Raising Awareness for Prostate Cancer Awareness Month
One in nine men will be diagnosed with prostate cancer in their lifetime. September is Prostate Cancer Awareness Month – this important campaign has led to breakthrough research and the lowering of death rates. The empowerment and education for men is imperative to increase awareness of prostate cancer.
There are more than 3 million cases of prostate cancer in the U.S. per year. Affecting only males, this cancer is the second leading cause of death for men in the United States.
It’s understandable to be overwhelmed, even frightened when thinking about or discussing any type of cancer, especially prostate cancer. Becoming aware of the signs, symptoms, and reasons behind the necessity of yearly screenings, can potentially save you or your loved one’s life.
Symptoms and Who’s at Risk
Men over 50 have a greater risk of developing prostate cancer, and there may be genetic factors in play that increase the likelihood of cancer developing.
Diet seems to have a role in prevention. Eating lots of red meat, calcium, or too many fatty dairy products; may cause a slightly higher chance of getting prostate cancer.
As the prostate gland is close to the bladder and urethra, some urinary symptoms can be signs of prostate cancer. This includes loss of bladder control, burning or pain during urination, and trouble starting or stopping during urination with a decreased flow of stream.
Other potential symptoms include:
- Urge to urinate at night
- Blood in urine and/or semen
- Erectile dysfunction and/or painful ejaculation
- Legs or pelvic area swelling
- Leg/feet/hip numbness
- Bone pain and/or increased fractures
Half of men over 50 develop benign prostatic hyperplasia (BPH), or enlarged prostates. This condition has some of the same symptoms of prostate cancer, like frequent urination and weakened bladder. Currently, there is no link between BPH and an increased risk of developing prostate cancer.
Stages and Statistics
Prostate cancer is diagnosed in stages, which are usually determined by combining three classifications of diagnosis: Tumor (T), Node (N), and Metastasis (M). A physician will locate and measure how large the primary tumor is, examine the lymph nodes to see if the cancer has spread to the regional (pelvic) lymph nodes, and then determine if the cancer has metastasized – spread to other parts of the body.
- Stage I: The early stage of this cancer is slow growing with the cancer cells looking like healthy cells
- Stage II: Tumor has been located in the prostate with increased risk of cancer spreading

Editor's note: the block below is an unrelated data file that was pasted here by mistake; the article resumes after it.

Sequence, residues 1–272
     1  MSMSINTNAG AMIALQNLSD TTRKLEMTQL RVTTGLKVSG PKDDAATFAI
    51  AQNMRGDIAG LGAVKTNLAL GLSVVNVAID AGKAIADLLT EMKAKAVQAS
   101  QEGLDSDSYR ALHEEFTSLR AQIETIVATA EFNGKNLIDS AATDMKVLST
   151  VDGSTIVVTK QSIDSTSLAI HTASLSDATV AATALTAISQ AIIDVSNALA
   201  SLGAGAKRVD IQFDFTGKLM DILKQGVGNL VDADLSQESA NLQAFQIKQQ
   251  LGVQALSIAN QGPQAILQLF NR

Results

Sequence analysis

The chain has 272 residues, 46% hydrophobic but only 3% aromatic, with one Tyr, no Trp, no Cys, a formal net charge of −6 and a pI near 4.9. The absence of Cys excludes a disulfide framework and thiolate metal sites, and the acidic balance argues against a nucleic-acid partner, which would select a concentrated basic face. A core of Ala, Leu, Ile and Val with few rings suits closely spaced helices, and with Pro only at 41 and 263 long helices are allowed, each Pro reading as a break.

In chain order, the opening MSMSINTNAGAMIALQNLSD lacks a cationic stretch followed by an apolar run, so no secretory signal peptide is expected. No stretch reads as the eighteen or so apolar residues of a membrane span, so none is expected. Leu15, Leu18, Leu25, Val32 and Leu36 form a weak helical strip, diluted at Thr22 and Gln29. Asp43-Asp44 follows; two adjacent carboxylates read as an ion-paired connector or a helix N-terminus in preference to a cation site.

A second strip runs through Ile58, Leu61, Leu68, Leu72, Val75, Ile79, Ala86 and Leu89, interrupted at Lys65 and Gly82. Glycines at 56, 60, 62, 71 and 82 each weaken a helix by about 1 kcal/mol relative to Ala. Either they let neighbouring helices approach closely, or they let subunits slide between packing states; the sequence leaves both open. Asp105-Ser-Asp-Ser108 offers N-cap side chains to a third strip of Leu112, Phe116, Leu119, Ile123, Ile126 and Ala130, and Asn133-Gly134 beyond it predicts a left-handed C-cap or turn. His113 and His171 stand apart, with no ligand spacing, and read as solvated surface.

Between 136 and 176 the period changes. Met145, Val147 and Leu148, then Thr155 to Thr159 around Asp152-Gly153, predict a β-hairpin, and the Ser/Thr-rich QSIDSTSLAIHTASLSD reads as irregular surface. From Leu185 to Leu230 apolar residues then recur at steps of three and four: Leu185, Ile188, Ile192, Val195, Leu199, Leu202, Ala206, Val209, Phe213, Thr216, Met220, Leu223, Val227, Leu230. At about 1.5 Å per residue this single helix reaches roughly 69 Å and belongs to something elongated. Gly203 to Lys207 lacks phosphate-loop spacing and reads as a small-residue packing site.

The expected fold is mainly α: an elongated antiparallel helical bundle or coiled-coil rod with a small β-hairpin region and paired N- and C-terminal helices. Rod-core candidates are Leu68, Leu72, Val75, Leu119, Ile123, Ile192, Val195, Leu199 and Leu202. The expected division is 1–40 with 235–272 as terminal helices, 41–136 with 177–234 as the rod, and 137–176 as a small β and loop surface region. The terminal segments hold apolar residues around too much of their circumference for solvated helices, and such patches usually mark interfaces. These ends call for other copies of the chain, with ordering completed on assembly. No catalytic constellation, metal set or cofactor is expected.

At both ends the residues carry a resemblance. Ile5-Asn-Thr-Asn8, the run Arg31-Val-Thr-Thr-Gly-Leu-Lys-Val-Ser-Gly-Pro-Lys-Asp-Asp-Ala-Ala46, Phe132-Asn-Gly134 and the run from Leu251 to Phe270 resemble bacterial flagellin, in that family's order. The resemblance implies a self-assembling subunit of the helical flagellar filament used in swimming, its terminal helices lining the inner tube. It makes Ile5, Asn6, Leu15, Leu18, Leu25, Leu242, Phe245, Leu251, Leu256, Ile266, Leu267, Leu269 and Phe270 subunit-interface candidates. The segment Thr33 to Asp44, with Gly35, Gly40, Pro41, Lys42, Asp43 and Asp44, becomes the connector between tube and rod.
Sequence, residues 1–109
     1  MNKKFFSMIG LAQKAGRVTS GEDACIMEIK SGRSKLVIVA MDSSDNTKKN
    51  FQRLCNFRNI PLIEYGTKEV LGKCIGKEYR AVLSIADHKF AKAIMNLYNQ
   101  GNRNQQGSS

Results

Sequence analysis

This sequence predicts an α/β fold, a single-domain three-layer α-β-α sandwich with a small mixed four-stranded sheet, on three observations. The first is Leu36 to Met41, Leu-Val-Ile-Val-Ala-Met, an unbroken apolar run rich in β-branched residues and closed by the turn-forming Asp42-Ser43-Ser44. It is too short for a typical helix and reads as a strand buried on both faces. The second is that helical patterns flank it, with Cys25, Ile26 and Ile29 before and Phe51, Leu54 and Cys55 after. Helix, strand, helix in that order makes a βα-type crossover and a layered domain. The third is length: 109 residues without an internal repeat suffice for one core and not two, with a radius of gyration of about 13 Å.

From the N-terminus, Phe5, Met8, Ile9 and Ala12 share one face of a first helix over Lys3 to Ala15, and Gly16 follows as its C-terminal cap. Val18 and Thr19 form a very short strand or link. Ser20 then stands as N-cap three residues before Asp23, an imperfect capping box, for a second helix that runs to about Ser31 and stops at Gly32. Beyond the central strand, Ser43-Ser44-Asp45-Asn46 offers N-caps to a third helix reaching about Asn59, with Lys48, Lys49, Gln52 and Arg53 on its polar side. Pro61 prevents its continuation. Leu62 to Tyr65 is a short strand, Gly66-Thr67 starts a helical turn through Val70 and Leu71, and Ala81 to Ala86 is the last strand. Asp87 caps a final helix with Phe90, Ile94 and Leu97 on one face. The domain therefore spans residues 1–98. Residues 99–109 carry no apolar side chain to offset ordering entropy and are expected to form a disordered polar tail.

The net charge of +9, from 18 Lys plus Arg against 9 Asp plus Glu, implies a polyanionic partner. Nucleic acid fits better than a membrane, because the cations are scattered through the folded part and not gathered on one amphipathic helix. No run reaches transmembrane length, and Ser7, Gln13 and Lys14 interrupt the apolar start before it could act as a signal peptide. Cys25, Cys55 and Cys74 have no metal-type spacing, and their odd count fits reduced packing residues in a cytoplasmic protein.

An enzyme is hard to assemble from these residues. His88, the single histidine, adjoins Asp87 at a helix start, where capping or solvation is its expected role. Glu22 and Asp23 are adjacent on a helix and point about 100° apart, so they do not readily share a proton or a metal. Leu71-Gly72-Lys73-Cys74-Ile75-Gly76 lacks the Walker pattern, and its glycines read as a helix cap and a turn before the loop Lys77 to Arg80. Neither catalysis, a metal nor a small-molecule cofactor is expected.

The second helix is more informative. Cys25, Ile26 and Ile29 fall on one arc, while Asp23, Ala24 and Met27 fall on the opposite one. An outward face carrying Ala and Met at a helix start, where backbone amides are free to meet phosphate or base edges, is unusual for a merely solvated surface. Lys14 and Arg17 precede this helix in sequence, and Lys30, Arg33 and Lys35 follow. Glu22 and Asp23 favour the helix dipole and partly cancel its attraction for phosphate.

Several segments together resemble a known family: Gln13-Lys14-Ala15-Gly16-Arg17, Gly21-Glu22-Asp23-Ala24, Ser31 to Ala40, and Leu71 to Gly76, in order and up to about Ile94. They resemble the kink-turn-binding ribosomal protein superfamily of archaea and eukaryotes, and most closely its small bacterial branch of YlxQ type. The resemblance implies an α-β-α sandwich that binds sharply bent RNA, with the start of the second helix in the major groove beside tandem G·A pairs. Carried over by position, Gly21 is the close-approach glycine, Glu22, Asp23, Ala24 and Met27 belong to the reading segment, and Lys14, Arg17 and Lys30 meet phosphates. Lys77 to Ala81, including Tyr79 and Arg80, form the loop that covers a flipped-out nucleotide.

- Stage III: The tumor has grown and potentially spread to other areas such as the bladder or the rectum
- Stage IV: Cancer has metastasized and spread to distant lymph nodes
There are several types of prostate cancer, with adenocarcinomas making up the majority of cases.
Some of the different types are as follows:
- Adenocarcinoma – makes up 95-99% of cases
- Sarcomas – less than .1% of prostate cancer cases and develops in the soft tissue
- Neuroendocrine Tumors (NETs) – slow growing tumors and have symptoms such as wheezing and dizziness
- Small cell carcinoma – less than 1% of prostate cancer, often has metastasized before diagnosis
- Transitional cell carcinoma – starts in the bladder (or prostate although this is rare) and presents with blood in the urine
- Squamous cell carcinoma – extremely rare and fast-growing starting in the flat cells covering the prostate gland
Approximately 300,000 men die of prostate cancer worldwide each year, which is one of the reasons regular checkups for men are so important.
Routine prostate cancer screening is a controversial topic and should be discussed with your physician. Men need to be involved in making the decision whether or not to be screened. Here at MD Now we offer general physical exams and are happy to discuss prostate cancer screening with you including the use of prostate specific antigen (PSA) lab testing. PSA tests may be elevated for several reasons and you may need repeat PSA testing and/or referral to a urologist for further evaluation.
Avoiding smoking and living a healthy life through simple lifestyle changes can help prevent prostate cancer. Seek medical attention for conditions like stress, high blood pressure, and depression.
The best prevention method is taking care of your health. Start today by scheduling your checkup at your local MD Now with one of our physicians. We have full-time doctors on site and ready to answer any question you may have, 365 days a year from 8am.